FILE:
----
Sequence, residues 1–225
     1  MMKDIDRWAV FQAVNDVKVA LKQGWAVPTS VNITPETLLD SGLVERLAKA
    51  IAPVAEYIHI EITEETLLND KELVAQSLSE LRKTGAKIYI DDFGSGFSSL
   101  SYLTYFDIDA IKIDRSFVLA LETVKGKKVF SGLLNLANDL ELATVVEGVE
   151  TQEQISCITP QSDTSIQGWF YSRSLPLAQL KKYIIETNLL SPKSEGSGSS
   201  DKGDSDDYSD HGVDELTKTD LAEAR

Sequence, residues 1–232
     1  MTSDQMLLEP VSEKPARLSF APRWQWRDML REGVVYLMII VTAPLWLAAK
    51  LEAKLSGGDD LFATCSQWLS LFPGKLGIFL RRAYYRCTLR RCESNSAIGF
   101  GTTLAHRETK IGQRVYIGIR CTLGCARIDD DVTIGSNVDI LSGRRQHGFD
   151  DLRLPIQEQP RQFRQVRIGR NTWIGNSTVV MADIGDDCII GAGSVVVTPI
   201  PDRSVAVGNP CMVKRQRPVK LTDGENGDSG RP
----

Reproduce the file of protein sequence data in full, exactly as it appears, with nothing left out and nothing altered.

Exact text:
Sequence, residues 1–225
     1  MMKDIDRWAV FQAVNDVKVA LKQGWAVPTS VNITPETLLD SGLVERLAKA
    51  IAPVAEYIHI EITEETLLND KELVAQSLSE LRKTGAKIYI DDFGSGFSSL
   101  SYLTYFDIDA IKIDRSFVLA LETVKGKKVF SGLLNLANDL ELATVVEGVE
   151  TQEQISCITP QSDTSIQGWF YSRSLPLAQL KKYIIETNLL SPKSEGSGSS
   201  DKGDSDDYSD HGVDELTKTD LAEAR

Sequence, residues 1–232
     1  MTSDQMLLEP VSEKPARLSF APRWQWRDML REGVVYLMII VTAPLWLAAK
    51  LEAKLSGGDD LFATCSQWLS LFPGKLGIFL RRAYYRCTLR RCESNSAIGF
   101  GTTLAHRETK IGQRVYIGIR CTLGCARIDD DVTIGSNVDI LSGRRQHGFD
   151  DLRLPIQEQP RQFRQVRIGR NTWIGNSTVV MADIGDDCII GAGSVVVTPI
   201  PDRSVAVGNP CMVKRQRPVK LTDGENGDSG RP